I was (not) an uncoordinated stripper

I had forgotten about this story, until recently when a funny thing happened. It was written as a POV exercise, during a creative writing certificate. Afterwards I posted it on a self-publishing website. Then, a while later, I took it down because I’d started this site and was happy to post my stories here as a hobby. However, I didn’t realise the cover had remained online on various other sites. Now the funny thing is, some people took the title as fact and I’d been oblivious to this for years. 

                                                                                   

The story is actually loosely based on the tales a young woman told me when we were working for a sports company in the 1990s. She had been a stripper and would have us all in stitches over her fabulous adventures as an exotic dancer. She was a brilliant storyteller and I’m sure my story does not do hers any justice.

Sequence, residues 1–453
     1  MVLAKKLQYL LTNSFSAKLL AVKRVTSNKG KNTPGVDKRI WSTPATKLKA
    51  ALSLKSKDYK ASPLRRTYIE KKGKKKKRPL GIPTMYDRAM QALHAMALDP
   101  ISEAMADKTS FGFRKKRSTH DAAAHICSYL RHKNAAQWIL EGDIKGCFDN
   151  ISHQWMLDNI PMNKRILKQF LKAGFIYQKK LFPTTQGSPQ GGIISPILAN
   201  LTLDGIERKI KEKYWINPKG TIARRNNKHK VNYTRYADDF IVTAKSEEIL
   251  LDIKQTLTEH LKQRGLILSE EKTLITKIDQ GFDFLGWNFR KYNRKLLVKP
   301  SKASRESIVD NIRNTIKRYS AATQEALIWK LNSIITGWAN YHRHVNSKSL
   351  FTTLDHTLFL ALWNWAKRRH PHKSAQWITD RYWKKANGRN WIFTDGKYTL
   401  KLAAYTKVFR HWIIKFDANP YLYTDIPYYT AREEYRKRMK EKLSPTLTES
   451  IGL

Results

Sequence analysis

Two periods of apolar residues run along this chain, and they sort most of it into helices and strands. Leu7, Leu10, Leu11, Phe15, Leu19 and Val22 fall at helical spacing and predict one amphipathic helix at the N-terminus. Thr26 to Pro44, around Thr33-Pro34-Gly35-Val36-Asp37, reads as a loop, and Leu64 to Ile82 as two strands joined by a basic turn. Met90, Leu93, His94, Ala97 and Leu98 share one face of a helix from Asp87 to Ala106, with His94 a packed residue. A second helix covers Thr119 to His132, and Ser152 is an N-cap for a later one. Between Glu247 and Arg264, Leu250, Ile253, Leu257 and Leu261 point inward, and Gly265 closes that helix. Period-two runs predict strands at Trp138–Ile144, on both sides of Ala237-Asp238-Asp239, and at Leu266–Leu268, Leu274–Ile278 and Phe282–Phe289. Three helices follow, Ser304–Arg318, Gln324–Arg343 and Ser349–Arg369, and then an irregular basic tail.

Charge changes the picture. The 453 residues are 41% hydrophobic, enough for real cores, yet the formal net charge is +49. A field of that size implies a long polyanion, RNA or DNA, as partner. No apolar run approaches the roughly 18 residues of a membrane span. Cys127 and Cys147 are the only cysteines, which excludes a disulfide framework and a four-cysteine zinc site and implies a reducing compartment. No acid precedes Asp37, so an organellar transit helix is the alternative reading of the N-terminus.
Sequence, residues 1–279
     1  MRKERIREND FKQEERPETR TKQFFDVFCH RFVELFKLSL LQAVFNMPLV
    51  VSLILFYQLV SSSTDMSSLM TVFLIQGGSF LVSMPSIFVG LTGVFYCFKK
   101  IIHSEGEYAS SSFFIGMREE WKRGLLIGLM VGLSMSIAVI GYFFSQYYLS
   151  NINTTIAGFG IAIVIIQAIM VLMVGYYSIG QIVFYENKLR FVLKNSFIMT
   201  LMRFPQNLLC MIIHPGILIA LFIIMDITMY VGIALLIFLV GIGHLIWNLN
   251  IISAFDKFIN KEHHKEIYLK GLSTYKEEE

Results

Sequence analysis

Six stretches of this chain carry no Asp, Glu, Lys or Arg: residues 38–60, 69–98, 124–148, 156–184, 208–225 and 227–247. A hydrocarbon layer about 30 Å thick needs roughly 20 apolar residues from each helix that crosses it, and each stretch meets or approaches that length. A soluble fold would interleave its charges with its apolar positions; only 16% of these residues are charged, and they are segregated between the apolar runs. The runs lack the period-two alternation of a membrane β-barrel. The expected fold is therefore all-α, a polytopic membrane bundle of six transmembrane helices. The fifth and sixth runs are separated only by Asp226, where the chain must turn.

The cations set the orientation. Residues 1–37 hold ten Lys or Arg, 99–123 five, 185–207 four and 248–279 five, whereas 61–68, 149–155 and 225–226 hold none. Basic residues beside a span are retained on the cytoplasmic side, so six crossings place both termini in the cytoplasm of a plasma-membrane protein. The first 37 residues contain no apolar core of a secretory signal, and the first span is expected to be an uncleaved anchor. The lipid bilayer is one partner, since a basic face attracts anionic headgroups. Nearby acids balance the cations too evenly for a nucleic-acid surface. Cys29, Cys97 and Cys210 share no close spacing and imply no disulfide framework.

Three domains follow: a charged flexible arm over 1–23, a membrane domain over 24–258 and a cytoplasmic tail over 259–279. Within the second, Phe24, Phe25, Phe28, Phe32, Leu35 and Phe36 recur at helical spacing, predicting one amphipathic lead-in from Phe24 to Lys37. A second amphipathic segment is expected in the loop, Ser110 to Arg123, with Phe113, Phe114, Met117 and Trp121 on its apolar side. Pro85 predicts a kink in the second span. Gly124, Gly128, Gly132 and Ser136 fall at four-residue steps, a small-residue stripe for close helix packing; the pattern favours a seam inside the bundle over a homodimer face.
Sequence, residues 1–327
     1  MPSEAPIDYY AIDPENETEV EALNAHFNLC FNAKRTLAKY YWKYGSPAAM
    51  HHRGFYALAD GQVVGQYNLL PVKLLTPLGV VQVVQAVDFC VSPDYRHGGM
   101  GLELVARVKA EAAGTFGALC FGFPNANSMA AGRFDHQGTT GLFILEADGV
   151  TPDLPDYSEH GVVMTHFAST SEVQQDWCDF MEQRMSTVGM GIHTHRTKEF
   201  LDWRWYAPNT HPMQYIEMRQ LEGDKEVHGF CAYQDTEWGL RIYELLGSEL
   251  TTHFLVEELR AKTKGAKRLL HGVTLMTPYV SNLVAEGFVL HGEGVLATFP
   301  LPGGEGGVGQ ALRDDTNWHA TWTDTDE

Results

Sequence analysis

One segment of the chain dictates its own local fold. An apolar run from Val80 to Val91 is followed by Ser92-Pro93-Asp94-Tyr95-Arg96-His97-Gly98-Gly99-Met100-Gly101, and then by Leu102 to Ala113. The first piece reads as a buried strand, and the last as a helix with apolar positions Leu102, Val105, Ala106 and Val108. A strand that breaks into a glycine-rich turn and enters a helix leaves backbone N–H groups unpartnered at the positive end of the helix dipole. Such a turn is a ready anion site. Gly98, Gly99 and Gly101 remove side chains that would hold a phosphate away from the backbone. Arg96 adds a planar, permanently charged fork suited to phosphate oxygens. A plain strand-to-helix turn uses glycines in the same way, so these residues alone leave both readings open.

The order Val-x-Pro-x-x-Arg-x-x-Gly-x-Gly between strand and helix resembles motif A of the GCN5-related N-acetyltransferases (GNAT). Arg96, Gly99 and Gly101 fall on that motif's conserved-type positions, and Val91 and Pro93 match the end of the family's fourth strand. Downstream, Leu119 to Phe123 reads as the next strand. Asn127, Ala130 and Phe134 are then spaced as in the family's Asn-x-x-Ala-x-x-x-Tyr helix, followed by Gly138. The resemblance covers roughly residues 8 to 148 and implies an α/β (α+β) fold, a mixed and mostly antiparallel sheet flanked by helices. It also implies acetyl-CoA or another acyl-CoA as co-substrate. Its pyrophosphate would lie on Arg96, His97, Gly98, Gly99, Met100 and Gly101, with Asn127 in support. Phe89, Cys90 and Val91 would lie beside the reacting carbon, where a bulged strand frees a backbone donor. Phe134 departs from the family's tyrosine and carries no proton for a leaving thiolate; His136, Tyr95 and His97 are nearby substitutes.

So, I generally prefer not to annotate my stories but I wanted to clear this up. Although, I still wonder if it’s possible for any of us to never judge a writer by their covers…

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I was an Uncoordinated Stripper

Seriously, can’t believe I was ever a stripper. I was a decent enough softball player as a kid, and could’ve played for Victoria if I’d had someone to drive me to practice. Dancing wasn’t my thing. Didn’t even score a red-nosed-reindeer role in the grade six calisthenics concert. Anyway, I left high school and got a job at Safeway, night packing. That’s where I met my boyfriend, Chuck. I was twenty and old enough to know better. But I’d never had a boyfriend before, so …

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The Circular Dream

There once was a magician who spent a year dreaming her nightmares and waking to another. Then in a series of fever dreams she discovered the answers to the universe and carefully catalogued them until needed. She was the last human and was tired of sleeping alone in the crumbling, sunken shopping centre. One day she had the impulse to paint, and in a dusty arts supply shop she found the necessary equipment. By dim torchlight she painted a pink rose on the concrete floor of her makeshift alcove. With a few spoken words, recalled from a dream, she conjured the rose to life and cradled its perfumed petals in her dirt-cracked palm. In the following months she conjured a rose garden amongst modernity’s ruins, then slept for another year.

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